Bringing the TFP factor back in, the economists say TFP would decline under scenarios 1 & 2, but would increase under scenario #3 through 2040. That means agricultural output would be 83% higher under scenario #3 by 2050 compared to current levels, barely enough to keep up with the 70% to 100% increase in expected demand by 2050. Scenario #2, in which ag research keeps up with the rate of inflation, would only see a 70% increase in output by 2050, and scenario #1 which has steady funding would only finance a 43% increase in output.
The economists say slower growth will cause prices to rise, reduce global welfare, and increase poverty in urban areas. Rising prices would expand cropland needs domestically and globally, and input use would intensify. They said such activity would come at a high environmental cost, including impairment of soil and water, loss of biodiversity, and increased greenhouse gas emissions. They also expect ag exports to decrease and US farmers to lose competitiveness in international markets.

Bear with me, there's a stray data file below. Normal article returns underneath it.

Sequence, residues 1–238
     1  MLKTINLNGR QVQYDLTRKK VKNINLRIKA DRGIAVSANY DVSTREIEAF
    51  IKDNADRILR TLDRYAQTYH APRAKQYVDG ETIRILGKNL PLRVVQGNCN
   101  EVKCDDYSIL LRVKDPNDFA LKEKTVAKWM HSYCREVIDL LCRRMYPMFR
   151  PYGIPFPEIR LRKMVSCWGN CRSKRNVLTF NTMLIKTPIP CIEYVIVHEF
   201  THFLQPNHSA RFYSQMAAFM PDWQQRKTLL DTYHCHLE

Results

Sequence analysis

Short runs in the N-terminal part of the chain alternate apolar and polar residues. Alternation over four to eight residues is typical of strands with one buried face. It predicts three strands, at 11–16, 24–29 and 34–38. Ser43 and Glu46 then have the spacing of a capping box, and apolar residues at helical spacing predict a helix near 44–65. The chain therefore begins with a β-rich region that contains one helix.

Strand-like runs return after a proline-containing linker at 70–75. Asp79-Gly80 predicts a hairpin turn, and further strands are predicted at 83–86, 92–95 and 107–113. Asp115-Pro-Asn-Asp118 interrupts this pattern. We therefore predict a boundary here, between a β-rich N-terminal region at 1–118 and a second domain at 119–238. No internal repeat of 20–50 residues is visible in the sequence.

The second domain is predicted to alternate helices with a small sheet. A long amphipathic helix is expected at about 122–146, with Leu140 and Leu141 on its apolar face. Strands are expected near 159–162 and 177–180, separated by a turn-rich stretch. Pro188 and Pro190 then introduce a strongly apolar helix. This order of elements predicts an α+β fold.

The forecast is gloomy without higher priorities placed on publicly funded agricultural research. The result will be an erosion of productivity, which means commodity output will not be able to keep up with demand, unless more land is brought into production, along with more labor, capital, and other inputs. That result has environmental negatives, along with the decline in the US agricultural economy.
Source: the FarmGate blog